In this, the fourth in a series of four posts, we manage the seemingly impossible – we both break the mould and then find we have come full circle. The former is true because exploration, the fourth strategy, is by far the most learner-centred and the only strategy that concentrates on ‘pull’ rather than ‘push’ (more on this in a minute). It also represents the closing of the circle, because as with exposition, the first strategy we looked at, the learning design is both simple and relatively unstructured, in stark contrast to instruction and guided discovery.
With the exploration strategy, each learner determines their own learning process, taking advantage of resources provided not only by teachers/trainers but also by peers. What they take out of this process is entirely individual and largely unpredictable. As such, exploration may seem a relatively informal strategy, but no less useful for that. In fact it’s probably the way that a great deal of learning takes place.
With exposition, instruction and even guided discovery, learning activities and resources are ‘pushed’ at the learner by the teacher/trainer. With the exploration strategy, activities and resources are ‘pulled’ by the learner according to need. Exploration may play a small part in a formal course, perhaps a list of books or links which learners can choose to dip into if they wish; but it could just as easily constitute the central plank in the provision of, say, just-in-time performance support in the workplace.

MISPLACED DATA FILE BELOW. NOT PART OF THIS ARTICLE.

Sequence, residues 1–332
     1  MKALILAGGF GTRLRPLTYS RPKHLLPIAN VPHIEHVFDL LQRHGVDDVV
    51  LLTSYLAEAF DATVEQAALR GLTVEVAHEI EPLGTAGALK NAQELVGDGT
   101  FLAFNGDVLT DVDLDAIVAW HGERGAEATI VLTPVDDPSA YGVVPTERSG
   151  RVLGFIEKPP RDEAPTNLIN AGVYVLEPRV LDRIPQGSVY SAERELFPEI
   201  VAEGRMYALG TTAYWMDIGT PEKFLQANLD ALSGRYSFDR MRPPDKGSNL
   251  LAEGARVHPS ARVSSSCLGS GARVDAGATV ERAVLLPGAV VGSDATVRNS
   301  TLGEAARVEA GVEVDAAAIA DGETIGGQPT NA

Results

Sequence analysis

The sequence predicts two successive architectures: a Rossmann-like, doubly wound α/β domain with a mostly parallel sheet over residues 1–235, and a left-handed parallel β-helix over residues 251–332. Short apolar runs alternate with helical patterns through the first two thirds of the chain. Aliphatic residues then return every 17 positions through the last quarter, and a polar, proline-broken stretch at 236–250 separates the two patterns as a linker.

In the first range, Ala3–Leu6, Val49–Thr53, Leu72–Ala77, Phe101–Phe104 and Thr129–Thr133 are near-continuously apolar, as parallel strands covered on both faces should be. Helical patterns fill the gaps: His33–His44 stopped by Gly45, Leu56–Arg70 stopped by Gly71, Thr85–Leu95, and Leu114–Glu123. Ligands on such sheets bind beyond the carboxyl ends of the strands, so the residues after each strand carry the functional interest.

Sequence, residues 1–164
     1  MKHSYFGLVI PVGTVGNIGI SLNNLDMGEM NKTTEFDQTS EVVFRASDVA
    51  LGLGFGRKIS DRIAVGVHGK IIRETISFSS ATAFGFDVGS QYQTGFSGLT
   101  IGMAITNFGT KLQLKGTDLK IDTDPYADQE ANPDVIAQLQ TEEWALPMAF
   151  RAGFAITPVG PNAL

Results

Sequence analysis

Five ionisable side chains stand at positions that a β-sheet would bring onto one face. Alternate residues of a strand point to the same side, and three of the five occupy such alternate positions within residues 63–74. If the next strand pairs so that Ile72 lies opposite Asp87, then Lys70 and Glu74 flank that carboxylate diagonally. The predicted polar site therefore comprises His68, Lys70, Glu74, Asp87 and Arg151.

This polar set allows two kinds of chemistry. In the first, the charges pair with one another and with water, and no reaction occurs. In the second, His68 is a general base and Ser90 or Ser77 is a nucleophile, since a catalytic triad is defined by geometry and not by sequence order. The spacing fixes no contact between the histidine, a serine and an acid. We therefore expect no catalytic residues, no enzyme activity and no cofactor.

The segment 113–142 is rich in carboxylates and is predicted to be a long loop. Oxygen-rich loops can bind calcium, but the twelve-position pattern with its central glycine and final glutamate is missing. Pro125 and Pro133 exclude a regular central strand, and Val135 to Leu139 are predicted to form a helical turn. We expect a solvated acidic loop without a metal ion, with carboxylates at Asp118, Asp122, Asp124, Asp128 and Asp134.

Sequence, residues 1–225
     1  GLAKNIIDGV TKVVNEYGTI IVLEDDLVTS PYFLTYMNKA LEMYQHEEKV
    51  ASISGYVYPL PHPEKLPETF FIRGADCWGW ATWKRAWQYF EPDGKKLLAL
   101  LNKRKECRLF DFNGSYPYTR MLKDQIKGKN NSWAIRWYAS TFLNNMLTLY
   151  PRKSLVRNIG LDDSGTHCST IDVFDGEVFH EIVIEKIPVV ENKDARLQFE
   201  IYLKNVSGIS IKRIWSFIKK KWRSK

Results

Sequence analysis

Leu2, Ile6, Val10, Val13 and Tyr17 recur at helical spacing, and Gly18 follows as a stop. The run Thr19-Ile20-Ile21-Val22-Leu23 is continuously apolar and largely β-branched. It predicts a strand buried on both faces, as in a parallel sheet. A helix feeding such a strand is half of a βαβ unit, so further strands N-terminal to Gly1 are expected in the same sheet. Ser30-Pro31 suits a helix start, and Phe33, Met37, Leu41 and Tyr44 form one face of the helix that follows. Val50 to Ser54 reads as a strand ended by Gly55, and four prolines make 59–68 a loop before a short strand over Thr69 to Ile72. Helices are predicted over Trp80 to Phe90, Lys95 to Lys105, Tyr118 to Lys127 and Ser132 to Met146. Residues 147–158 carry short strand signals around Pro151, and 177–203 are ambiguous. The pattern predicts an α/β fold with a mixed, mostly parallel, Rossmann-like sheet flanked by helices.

There’s no reason why exploration should stop at content. The same principles could be applied to live events such as unconferences, where participants determine what is delivered and by whom. It could also apply in an asynchronous context, in which learners collaborate with peers using social networks, social bookmarking or blogging.
The role of the teacher/trainer is clearly very different to the three previous strategies. With exploration, the emphasis shifts ‘from courses to resources’, so what is needed is no longer a lecturer, instructor or facilitator, more a curator or librarian. What’s important here is to smooth the way for learners to find resources and to locate like-minded peers; that means providing repositories, search engines and all manner of social media tools.
Exploration is not a universal strategy by any means. Novices and dependent learners will struggle with so little structure and direction. Important top-down initiatives can not rely on such woolly and inconsistent outcomes. But there’s no doubt that the trend is towards more learner-centred approaches: more pull less push, more just-in-time than just-in-case, more flexibility and less structure. The key, as ever, is not in following the fashion, but knowing when the time is right to use each of these strategies appropriately.